Africa’s biggest cement manufacturer, Dangote Cement Plc, has ramped up production at its newest plant in Okpella, an industrial community in Edo State, even as its earnings per share rose by 16.8 per cent to N6.18 in the first quarter (Q1).
The Okpella plant is part of the company’s efforts to increase supply in Nigeria as well as ensure timely supply of products to customers in the Southsouth and Southeast regions.
Analysis of the cement giant’s three months results indicated that Dangote Cement sold a total volume of 7.2 metric tonnes (MTs) of cement across the group with Nigerian operations accounting for 4.8Mts while the rest of Africa did the balance of 2.4MTs.
Chief Executive Officer, Dangote Cement, Michel Puchercos, said that the company started the first quarter on a positive note despite the new uncertainties brought by a volatile global environment.
He said increases were recorded in revenue and profitability that drove strong cash generation across the Group.
Profit after tax (PAT) rose to ₦105.9 billion, up 18 per cent compared to last year while the Group’s earnings before interest, taxes, depreciation, and amortization (EBITDA) rose to ₦211 billion, by 18.6 per cent with an EBITDA margin of 51.1 per cent.
“On the operational side, we are ramping up production at our Okpella plant and are progressing well to deploy grinding plants in Ghana and Cote d’Ivoire. Demand remained strong across all markets and we remain confident that Dangote Cement is positioned to meet customers’ expectations despite these temporary challenges.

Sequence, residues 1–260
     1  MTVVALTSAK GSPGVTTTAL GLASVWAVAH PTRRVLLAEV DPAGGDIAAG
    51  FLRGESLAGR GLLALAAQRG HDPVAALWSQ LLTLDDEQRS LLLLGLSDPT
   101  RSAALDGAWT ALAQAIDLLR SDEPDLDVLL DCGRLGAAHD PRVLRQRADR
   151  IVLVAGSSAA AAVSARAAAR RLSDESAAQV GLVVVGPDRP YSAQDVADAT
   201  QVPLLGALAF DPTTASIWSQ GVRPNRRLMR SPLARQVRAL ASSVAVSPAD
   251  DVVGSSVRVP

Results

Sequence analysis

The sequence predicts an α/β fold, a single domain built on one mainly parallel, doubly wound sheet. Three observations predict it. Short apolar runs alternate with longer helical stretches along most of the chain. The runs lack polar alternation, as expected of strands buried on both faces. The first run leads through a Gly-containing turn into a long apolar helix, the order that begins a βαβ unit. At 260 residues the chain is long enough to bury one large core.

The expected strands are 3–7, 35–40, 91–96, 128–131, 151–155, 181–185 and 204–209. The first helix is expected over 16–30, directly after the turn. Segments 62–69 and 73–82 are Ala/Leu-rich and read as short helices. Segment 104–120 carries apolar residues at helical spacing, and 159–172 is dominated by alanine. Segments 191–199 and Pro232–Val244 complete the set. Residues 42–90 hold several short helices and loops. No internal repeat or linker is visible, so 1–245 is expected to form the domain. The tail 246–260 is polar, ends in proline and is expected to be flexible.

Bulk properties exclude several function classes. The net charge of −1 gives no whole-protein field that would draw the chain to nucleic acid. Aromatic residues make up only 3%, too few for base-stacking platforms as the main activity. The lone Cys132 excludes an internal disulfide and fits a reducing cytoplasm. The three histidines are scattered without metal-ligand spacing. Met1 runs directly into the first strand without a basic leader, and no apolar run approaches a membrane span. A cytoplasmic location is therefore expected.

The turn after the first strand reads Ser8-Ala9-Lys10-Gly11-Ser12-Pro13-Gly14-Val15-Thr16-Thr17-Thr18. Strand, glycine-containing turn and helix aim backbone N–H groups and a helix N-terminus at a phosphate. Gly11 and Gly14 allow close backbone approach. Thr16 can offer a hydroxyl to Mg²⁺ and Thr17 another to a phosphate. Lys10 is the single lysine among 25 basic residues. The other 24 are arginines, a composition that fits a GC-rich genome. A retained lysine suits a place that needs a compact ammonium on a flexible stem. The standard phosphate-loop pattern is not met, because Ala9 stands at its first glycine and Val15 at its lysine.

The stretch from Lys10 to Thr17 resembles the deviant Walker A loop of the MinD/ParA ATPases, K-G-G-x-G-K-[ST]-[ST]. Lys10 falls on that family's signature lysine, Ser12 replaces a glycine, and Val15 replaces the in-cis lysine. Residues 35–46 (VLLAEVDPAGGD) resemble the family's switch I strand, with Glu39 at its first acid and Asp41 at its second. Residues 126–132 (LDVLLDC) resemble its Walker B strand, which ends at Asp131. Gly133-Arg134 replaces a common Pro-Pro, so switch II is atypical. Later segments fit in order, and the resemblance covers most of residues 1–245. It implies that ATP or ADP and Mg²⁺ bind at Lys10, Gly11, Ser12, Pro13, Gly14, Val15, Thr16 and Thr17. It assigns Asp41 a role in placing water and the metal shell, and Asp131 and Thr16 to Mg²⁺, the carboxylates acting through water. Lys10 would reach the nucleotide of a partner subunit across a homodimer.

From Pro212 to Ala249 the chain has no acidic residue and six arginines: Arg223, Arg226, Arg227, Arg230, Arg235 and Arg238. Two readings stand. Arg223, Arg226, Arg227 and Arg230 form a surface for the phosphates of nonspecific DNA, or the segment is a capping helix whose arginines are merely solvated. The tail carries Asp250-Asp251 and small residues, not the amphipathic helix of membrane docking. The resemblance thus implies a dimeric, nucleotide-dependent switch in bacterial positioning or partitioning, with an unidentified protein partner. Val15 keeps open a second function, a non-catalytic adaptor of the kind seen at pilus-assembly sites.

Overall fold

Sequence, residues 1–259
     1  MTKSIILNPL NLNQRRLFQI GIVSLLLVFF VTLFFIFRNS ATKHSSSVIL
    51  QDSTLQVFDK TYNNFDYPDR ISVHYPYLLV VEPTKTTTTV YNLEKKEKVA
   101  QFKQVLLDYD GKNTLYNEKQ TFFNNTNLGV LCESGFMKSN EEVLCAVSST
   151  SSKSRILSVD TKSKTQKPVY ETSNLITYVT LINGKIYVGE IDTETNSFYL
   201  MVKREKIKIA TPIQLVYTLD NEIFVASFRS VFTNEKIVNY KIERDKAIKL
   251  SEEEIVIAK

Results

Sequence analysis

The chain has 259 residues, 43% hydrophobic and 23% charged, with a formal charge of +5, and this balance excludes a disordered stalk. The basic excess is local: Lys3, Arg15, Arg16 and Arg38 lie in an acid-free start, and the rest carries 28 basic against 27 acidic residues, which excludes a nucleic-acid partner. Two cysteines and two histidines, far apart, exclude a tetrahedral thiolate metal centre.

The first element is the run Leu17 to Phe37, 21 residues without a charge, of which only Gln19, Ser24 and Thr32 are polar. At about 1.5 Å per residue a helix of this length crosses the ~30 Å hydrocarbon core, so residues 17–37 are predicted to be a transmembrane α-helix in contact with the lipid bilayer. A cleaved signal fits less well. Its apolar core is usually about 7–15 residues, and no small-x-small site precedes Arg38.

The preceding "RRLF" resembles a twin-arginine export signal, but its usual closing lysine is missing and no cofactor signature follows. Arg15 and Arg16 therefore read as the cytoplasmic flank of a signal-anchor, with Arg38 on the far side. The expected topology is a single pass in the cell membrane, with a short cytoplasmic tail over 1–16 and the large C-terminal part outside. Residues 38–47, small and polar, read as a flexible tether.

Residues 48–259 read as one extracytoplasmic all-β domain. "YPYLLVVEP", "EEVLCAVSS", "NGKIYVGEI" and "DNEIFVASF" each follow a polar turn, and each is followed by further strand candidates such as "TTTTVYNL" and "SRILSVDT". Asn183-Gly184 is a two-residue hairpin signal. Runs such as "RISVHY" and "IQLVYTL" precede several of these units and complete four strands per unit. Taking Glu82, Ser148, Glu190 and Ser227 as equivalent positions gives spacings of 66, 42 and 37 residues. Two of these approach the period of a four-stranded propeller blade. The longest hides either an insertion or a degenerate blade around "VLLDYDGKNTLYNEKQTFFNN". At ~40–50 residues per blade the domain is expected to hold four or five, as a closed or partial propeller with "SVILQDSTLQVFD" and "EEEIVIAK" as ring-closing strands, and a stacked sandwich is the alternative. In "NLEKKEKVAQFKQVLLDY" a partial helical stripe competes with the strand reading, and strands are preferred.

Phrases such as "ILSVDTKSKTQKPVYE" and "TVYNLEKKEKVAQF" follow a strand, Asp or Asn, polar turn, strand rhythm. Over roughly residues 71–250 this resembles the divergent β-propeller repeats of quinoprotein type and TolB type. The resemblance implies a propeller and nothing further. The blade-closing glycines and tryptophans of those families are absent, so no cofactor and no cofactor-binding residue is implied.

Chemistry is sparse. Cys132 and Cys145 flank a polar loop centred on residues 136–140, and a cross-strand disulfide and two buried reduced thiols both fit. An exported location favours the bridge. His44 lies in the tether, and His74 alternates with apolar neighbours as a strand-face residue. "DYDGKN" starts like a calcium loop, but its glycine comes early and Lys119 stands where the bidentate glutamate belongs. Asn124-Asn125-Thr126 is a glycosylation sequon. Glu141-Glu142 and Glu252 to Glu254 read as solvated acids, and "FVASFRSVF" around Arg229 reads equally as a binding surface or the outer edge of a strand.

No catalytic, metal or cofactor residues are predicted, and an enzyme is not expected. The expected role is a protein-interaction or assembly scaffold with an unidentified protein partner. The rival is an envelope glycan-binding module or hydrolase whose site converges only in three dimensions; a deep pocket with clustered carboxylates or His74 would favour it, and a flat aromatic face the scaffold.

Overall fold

“Continuing our efforts to deliver shareholder value, Dangote Cement completed the second tranche of its buyback programme. Following the completion of both tranches, Dangote Cement has now bought back 0.98 per cent of its shares outstanding. This share buy-back programme reflects the company’s commitment to finding opportunities beyond dividends to return cash to shareholders,” Puchercos said
He continued: “The volatile international context is strengthening our efforts to ramp up the usage of alternative fuels and execution of our export-to-import strategy. Reducing our dependence on imported inputs and making our markets self-sufficient has never been more relevant from a regional perspective.
“Our continuous focus on efficiency, meeting strong market demand and maintaining our cost leadership drives our ability to consistently deliver superior profitability and value to all shareholders.”
Meanwhile, the company is to empower stakeholders in the value chain of palm kernel shell (PKS) supply as part of its strategies to shore up and sustain its availability as a waste that is co-processed in the cement kiln to recover energy.
This, the cement manufacturer said, is part of its contribution to the global environmental preservation efforts and wealth creation.
To this end, the company said it has instituted periodic value chain analysis and community engagements with PKS waste collectors as well as the palm oil millers in communities across Nigeria.
A team from Dangote Cement led by the Head, Alternative Fuel Project, Peter Anagbe, and Head, Sustainability, Dr. Igazeuma Okoroba, was at one of the farm settlements in Ikire, Osun State, where PKS are sourced to ascertain the needs of the community and ways the company could empower the residents.
In a statement, Anagbe told the community that Dangote Cement was desirous of ensuring sustainable collection of waste materials in the form of PKS as a means of improving the environment and adding value to their source of livelihood.
He urged the people to always look at alternative value-adding opportunities to waste in whatever they are doing taking a cue from the PKS which hitherto was a waste that is openly incinerated, causing environmental pollution.